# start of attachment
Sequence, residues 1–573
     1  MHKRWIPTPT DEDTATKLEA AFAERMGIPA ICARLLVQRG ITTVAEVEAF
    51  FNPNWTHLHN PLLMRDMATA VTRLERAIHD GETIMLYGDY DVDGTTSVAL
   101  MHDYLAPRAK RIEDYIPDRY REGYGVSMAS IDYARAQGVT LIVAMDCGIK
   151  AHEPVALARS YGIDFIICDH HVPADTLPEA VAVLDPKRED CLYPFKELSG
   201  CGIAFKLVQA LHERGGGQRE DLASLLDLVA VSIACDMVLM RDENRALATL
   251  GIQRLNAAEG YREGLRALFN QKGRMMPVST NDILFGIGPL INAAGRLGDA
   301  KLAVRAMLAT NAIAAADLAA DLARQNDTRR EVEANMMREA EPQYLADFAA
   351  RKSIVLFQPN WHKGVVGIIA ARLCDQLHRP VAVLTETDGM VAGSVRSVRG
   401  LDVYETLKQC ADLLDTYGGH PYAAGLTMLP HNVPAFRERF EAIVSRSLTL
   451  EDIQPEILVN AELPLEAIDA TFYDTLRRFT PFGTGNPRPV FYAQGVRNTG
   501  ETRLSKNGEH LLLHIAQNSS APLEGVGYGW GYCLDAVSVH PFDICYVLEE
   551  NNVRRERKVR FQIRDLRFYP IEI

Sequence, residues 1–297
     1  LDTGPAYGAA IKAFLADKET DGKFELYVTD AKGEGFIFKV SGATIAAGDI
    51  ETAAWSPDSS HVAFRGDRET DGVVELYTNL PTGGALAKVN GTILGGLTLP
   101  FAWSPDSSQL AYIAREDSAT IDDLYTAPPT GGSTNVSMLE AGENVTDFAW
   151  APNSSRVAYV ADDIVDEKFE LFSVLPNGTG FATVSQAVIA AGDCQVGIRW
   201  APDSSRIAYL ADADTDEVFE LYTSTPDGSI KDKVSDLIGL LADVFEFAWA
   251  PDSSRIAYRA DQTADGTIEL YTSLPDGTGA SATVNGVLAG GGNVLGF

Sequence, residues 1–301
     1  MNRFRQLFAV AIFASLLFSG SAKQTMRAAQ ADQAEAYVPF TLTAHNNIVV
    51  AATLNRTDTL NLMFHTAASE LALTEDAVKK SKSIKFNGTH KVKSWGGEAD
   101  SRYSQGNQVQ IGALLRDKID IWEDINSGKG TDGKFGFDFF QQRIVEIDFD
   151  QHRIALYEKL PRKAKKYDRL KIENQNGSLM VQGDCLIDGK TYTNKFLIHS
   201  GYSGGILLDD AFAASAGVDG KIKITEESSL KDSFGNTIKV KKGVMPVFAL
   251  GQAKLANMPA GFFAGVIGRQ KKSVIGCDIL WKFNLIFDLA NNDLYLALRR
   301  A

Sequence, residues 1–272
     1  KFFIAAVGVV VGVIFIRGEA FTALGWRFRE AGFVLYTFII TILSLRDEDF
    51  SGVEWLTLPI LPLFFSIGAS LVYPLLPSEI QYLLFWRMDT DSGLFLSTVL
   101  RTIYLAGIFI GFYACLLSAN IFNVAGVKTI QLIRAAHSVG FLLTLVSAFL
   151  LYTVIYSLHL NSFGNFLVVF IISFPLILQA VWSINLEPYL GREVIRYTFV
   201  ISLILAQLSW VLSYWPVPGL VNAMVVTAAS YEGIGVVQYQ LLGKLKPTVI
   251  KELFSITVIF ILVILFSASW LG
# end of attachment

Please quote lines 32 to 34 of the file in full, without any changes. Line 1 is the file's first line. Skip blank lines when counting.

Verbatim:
   101  RTIYLAGIFI GFYACLLSAN IFNVAGVKTI QLIRAAHSVG FLLTLVSAFL
   151  LYTVIYSLHL NSFGNFLVVF IISFPLILQA VWSINLEPYL GREVIRYTFV
   201  ISLILAQLSW VLSYWPVPGL VNAMVVTAAS YEGIGVVQYQ LLGKLKPTVI